Forthcoming research on non-religious funerals … stay tuned!
A few months ago, in an article for The New Humanism, “Spitting with the Wind: The Sociology of Irreligion and Ritual,” I opined that it was “time for scholars and community leaders alike to start paying attention to the emerging traditions of non-religious life-cycle ritual all around them.” My own dissertation focusses on just such a tradition, but at the time I knew of no other research like it. How things have changed. I am now familiar with several ongoing projects centered around non-religious life-cycle ritual. In fact the research phase of one of these projects, conducted by London School of Economics anthropologist Mathew Engelke, was recently completed.
With the assistance of funding from The Economic and Social Research Council (ESRC), Engelke spent all of 2011 conducting “an ethnography of the British Humanist Association.” While his ethnography did not focus exclusively on humanist ceremonies he did train to become a humanist celebrant, and consequently spent a great deal of time as a participant-observer researching non-religious funerals. He has written modestly about his research experience in the Guardian:
The idea of a good death is not new. Anthropologists, historians, and other social scientists have long documented the variety of ways in which a good death is achieved. Crucial to this is not only how someone dies, but how that death is commemorated. In many cases, to include Britain today, a good death has to involve a good funeral. Ritual, even in this postmodern age, is flourishing. And whether or not we identify as religious such ritual, it seems, still counts.
I spent last year conducting an anthropological study of the British Humanist Association (BHA), an organisation which on first thought might not bring to mind a commitment to rites de passage. For the association, however, providing funerals to those who do without God is a major aspect of its work. There are close to 300 humanist celebrants, and they conduct more than 8,000 funerals a year. It’s a burgeoning service. As Linda Woodhead noted here last week, “the churches’ hold over birth, marriage, and death has weakened dramatically”. According to a major study by Co-operative Funeralcare, in 2011, 12% of funerals in Britain are now humanist or otherwise “non-religious”.
As an anthropologist, one of the reasons I wanted to study the BHA is because of this commitment to the experiential and embodied side of being non-religious. As an increasing number of philosophers within the atheist and humanist ambit have stressed, much of the god debate over the past six or seven years has been dominated by a hyper-intellectualised version of what it means to do without Him. But godless dons have funerals – most of them do, at any rate. And so do other non-religious people.
To be sure, a good BHA funeral is a carefully scripted event: words matter to the celebrants, and ought to “capture the person”, as some of the celebrants put it to me – and as I learned the hard way, training to become a celebrant myself. (As an anthropologist, I had to go native as much as I could.) The scripts I wrote during the training – a three-month process – were deconstructed by my teachers, word for word. I felt like a student all over again. Yet humanist funerals are also, like all rituals, carefully scripted performances: sensuous events in which the semantic content of what is said is often eclipsed by what exists beyond language.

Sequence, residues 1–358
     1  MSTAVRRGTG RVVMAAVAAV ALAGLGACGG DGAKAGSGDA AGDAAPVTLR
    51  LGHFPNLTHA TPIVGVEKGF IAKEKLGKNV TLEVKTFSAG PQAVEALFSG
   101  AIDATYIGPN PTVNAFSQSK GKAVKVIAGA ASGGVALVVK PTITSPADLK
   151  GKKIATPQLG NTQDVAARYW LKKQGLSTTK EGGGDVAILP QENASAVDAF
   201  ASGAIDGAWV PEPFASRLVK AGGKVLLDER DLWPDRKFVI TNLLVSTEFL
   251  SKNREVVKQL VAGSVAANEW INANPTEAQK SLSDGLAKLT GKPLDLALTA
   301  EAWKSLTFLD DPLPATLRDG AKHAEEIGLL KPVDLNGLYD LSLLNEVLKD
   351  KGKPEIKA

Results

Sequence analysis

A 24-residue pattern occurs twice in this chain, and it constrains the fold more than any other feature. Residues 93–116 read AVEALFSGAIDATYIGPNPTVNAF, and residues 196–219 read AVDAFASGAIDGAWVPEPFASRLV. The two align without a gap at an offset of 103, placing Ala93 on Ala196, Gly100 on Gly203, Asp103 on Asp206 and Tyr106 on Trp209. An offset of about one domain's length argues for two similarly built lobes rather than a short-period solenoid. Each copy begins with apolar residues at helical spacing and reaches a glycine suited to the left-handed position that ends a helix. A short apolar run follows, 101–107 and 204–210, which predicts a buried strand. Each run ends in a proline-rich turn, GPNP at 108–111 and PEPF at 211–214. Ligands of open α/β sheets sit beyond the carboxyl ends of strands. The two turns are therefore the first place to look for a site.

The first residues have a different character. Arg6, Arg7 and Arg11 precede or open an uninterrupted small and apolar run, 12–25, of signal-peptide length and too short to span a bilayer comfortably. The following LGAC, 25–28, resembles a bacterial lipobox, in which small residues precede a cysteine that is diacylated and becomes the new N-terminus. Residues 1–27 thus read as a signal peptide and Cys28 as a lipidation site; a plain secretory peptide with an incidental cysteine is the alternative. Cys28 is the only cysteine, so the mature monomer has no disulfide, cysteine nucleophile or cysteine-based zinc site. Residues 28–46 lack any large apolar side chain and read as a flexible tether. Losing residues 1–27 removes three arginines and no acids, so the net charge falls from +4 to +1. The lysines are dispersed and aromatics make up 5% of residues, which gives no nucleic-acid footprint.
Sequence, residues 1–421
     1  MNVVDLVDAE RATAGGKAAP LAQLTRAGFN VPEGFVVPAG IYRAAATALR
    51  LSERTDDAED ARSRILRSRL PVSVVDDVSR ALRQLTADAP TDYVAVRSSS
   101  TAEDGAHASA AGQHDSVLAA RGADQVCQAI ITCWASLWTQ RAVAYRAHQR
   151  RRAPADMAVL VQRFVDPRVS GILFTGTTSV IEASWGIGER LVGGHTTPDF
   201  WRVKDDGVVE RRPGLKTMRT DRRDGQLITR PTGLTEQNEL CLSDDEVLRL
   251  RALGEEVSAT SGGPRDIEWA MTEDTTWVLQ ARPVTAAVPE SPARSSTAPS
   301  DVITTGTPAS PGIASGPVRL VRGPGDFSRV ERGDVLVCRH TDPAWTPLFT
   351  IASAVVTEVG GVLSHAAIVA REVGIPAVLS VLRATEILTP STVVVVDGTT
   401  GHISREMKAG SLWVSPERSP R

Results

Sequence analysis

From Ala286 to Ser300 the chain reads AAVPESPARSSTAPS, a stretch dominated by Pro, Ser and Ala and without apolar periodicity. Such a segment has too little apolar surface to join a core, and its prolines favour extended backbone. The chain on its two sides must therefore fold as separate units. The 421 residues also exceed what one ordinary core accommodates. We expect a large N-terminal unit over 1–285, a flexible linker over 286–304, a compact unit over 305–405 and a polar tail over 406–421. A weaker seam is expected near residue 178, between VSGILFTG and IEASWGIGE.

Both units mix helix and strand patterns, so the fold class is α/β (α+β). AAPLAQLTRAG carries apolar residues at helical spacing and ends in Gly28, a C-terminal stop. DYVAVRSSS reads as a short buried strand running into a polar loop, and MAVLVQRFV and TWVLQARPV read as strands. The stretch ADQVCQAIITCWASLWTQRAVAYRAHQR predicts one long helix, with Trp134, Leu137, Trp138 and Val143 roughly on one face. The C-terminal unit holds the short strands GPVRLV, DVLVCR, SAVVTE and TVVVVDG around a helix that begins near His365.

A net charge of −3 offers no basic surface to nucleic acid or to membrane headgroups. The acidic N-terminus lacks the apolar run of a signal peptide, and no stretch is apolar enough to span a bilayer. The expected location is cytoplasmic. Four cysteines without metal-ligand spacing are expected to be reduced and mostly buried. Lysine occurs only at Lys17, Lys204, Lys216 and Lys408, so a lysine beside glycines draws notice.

My own research also suggests that attempting to “capture the person” in ritual performance is likely the hallmark of the modern life-cycle ceremony, and especially so in the non-religious realm. But what does that mean? The ESRC digs a bit deeper into the issue in a press release on Engelke’s funeral research:
One of the most striking aspects of BHA funeral ceremonies is that they strive to be true to the individual, to reflect as best as possible the character, world views and the sensibilities of the person who has died. “The focus is almost exclusively on the person, which is often not the case with the more traditional religious ceremonies” says Dr Engelke.
This emphasis on the individual is an increasingly important phenomenon in modern Western life, suggests Dr Engelke. In many societies, and in ritual ceremonies down the ages, the place of the individual in the ritual is often the least important consideration.
In humanist ceremonies, being true to the individual is most central. Dr Engelke commonly came across family members and friends who said: “We told the funeral director John did not go to church so we did not want a vicar to take the funeral”.
“This gives an intriguing glimpse into the extent to which modern citizens feel it important to express their uniqueness and individuality”, says Dr Engelke.
As the ESRC points out, the individual has rarely played as central of a role in ritual as s/he does today, in the contemporary West. Yet, as I am finding in my own research there is a complex set of relationships at play in even the most personalized of ceremonies. I hope that Engelke’s more detailed analysis of humanist funerals goes beyond mere personalization and attempts to decipher to what end ritualized individualism plays out in contemporary non-religious ceremonies. Without giving too much away about my own research I can say that something quite connective if not collective seems to abide under the veneer of the rugged ritualizing American individual. Is this also the case among British Humanists? We’ll have to wait and see, and of course no matter where Engelke’s analysis takes him this is exciting and timely research. Keep it coming, please!